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Home » All Things Veterans – Vet Chats

All Things Veterans – Vet Chats



VA Career Trajectory Tool - Are You Future Ready

VA Career Trajectory Tool - Are You Future Ready

Military Buy Back Program

The Military Buyback Program is a benefit for all veterans with active duty military service time to receive credit for their military service time to be added to their years of civil service with the government and increases their retirement annuity.

All Veterans who qualify

Some veterans may not be aware of a benefit and the process to get their military time added to their current time working for the government. When they were hired a DD 214 was submitted that was used to determine their leave and sick time calculations. This does not automatically add the years to your present time for retirement. There is a process they will need to adhere to in order to get the time added to their retirement years.

They are eligible to apply for up to two (2) years once they are hired with no penalty. After that point, they will be paying an additional interest charge per year on what they may owe to buy back their years. The eligible military service time is added to their retirement date immediately upon finalizing their buy back process.

The buy-back process MUST be completed prior to filling out their retirement papers for processing. It will not be accepted after they apply for retirement and they will lose the service time. This will take approximately six months to complete. They must buy back their military service time to have it added to their civil service time (3 % for FERS and 7% for CSRS of base pay).

CSRS Employees (First employed before 10/01/1982)

If you are eligible for Social Security Benefits at retirement or at age 62 and:

  • Deposit Paid: Your Post-56 military service will be credited towards eligibility for retirement and computation of the annuity.
  • No Deposit made: Your Post-56 military service will be credited towards eligibility for retirement. If you are not eligible for Social Security at retirement, but will become eligible at age 62, your Post-56 military service will be credited for computation of your annuity until age 62. At that time the credit for Post-56 military service is eliminated. Your annuity will be recomputed by subtracting the years of Post-56 military service from the total number of years combined civilian and military service. This typically reduces the CSRS annuity by 2% for each year for Post-56 military service. If you are eligible for Social Security at the time of retirement (normally age 62 or older), the Post-56 service will not be used in the computation for your annuity.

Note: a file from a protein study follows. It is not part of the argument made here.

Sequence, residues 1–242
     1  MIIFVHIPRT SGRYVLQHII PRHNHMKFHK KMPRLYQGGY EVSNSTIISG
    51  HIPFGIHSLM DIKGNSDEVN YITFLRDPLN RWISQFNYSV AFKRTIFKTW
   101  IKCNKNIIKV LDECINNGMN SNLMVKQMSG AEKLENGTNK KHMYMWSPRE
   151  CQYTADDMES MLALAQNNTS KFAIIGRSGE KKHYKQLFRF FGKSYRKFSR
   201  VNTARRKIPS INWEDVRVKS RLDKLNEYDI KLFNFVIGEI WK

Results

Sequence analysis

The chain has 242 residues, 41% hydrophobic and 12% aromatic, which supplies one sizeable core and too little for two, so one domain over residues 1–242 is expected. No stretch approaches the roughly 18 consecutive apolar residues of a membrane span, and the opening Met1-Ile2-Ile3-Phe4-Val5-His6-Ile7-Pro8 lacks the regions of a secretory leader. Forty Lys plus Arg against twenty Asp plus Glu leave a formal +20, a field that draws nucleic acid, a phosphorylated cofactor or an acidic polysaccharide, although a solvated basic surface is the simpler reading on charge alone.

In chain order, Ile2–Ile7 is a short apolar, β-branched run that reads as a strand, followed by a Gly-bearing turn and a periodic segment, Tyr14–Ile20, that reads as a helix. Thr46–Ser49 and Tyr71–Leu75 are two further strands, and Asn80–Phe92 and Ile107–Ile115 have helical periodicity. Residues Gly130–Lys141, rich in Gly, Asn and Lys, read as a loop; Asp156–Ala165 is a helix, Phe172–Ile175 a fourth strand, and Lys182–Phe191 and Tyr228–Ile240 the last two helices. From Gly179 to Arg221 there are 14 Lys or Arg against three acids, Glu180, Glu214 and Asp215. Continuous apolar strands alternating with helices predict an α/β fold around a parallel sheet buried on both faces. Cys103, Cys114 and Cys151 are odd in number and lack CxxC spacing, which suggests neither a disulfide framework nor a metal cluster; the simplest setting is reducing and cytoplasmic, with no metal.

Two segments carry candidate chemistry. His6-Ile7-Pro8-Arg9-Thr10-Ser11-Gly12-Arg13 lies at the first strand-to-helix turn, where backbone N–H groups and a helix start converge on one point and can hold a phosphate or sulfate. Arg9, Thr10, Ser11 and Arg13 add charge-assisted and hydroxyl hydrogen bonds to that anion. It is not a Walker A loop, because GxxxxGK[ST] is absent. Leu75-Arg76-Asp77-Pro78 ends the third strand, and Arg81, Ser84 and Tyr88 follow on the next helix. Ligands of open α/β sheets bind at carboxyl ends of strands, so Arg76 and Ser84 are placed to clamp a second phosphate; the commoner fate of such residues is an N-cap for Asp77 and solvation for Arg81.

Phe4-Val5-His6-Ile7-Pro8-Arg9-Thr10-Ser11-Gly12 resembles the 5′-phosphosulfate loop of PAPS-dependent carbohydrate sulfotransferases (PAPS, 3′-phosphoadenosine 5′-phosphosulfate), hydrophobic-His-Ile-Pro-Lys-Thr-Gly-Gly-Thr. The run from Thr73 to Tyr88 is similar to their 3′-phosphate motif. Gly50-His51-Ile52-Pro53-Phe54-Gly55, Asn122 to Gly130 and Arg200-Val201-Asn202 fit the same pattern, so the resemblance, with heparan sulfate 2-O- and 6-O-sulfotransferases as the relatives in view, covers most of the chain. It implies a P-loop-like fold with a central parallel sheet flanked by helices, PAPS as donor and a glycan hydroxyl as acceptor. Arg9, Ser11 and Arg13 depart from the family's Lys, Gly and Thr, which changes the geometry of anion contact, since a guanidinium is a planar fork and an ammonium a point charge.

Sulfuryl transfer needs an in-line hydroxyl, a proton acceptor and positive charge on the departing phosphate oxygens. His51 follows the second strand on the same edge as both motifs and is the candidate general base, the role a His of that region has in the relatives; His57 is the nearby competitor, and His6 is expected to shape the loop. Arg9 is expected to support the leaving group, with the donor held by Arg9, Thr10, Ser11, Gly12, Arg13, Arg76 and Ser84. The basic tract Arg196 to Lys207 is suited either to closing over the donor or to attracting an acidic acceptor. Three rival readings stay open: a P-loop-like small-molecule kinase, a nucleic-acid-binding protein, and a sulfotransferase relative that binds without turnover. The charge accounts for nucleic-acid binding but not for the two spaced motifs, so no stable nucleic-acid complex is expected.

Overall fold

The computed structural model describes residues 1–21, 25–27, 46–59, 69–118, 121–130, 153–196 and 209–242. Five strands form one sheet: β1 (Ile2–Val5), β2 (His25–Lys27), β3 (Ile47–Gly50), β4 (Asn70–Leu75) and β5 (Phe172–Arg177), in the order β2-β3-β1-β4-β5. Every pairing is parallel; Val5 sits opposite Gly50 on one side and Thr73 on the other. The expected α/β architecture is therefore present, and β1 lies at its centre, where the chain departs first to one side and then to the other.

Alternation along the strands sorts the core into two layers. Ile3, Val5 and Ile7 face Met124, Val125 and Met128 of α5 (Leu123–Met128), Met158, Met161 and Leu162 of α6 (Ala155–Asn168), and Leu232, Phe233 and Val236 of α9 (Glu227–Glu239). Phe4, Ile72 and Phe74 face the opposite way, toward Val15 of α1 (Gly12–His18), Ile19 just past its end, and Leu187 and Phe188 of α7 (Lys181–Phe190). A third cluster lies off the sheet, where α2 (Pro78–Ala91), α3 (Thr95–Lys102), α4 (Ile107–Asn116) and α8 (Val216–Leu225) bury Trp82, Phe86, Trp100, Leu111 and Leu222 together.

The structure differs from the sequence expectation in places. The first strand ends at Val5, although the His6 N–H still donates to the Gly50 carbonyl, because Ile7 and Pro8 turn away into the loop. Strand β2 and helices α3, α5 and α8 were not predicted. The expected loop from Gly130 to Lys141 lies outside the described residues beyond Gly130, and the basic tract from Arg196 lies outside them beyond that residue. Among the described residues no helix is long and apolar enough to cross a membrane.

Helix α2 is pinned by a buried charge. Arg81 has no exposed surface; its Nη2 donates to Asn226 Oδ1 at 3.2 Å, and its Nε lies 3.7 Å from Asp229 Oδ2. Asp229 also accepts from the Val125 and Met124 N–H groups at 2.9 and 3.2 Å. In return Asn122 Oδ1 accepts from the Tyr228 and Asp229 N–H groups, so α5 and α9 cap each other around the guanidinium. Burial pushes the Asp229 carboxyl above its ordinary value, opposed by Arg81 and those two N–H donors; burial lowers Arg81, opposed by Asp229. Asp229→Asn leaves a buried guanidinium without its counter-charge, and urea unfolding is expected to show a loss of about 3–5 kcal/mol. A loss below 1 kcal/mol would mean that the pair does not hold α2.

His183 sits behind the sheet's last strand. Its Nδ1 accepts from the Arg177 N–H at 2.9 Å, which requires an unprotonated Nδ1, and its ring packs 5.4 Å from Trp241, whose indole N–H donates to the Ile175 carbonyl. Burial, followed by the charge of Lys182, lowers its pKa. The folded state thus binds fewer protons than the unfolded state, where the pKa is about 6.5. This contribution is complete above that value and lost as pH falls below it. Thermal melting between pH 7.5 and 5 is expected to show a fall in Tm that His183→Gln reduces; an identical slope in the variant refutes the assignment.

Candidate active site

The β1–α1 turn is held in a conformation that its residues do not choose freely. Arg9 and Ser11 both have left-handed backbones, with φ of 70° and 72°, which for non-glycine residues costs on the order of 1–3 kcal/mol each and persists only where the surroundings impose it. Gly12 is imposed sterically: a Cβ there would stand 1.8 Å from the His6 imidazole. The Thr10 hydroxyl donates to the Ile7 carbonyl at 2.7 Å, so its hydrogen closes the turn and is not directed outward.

If you will NOT be eligible for Social Security at 62 (or retirement, if later); no deposit is required and you will receive full credit for Post-56 military service with no future reduction.

If you are retired military, your service will not count for retirement purposes unless you waive your military retired pay and make a deposit for that service.

The required deposit equals 7% of your military earnings

FERS Employees (anyone hired after 01/01/1987)

If you have any military service after 1956:

  • You must make a military deposit for this service to count towards your eligibility for retirement and computation of the annuity. Once deposit is paid in full, your military service is counted towards your eligibility for retirement and computation of the annuity.
  • The required deposit equals 3% of your military earnings.

If you are retired military:

  • Your service will not count for retirement purposes unless you waive your military retired pay and make a deposit for that service.

To begin the process

Obtain the form for Request for Earnings (Form RI 20-97), complete the form and send to the appropriate military affiliation to receive your official calculated military time and earnings. You may want to call the military branch and who will be very helpful to assist you with your request.

When the verified completed form is returned, you will need to forward it to the designated human resources department benefits specialist that will handle the processing. The human resources department benefits specialist will compute the amount due for you to buyback your time. Attached is the Office of Human Resource Management regional benefits specialist points of contact list.

Once the amount has been determined, your servicing benefits specialist will forward that information to the Department of Interior Benefits Processing Group who will confirm the amount owed. Once the amount is confirmed, the employee will need to make arrangements for payment by check or payroll deductions (minimum of $25.00) to be sent to Department of Interior Benefits payroll processing group. An important note is once you start your payback selection the annual penalty interest charges stop accruing.

When the payroll processing group notes that your payment is completed, your SF 50 will be updated, and you will see the Retirement SCD (Service Computation Date) change on your leave and earnings statement.

Standard Form (SF) 3108 Application to Make Service Credit Payment

Military Buy Back Program FAQs

Requesting Reasonable Accommodations

Get Support for your Veteran Owned Small Business (VOSB) Through the Vets First Verification Program

If you have a Veteran-Owned Small Business, you may qualify for advantages when bidding on government contracts—along with access to other resources and support—through the Vets First Verification Program. This program is run by the Office of Small & Disadvantaged Business Utilization (OSDBU). Registering through OSDBU will allow you to work with us (all businesses who work with VA must be registered). Find out if you’re eligible and how to register your business.




Federal Retirement System

OPM works with your Agency's personnel and payroll office to process your annuity claim. Regardless of the type of retirement, there are actions your personnel office must take in order to process your retirement claim. You can help reduce delays in processing by submitting your application in advance and by making sure your Official Personnel Folder (OPF) is complete. If you submit your paperwork early, your personnel and payroll offices will be able to complete their action before your retirement date.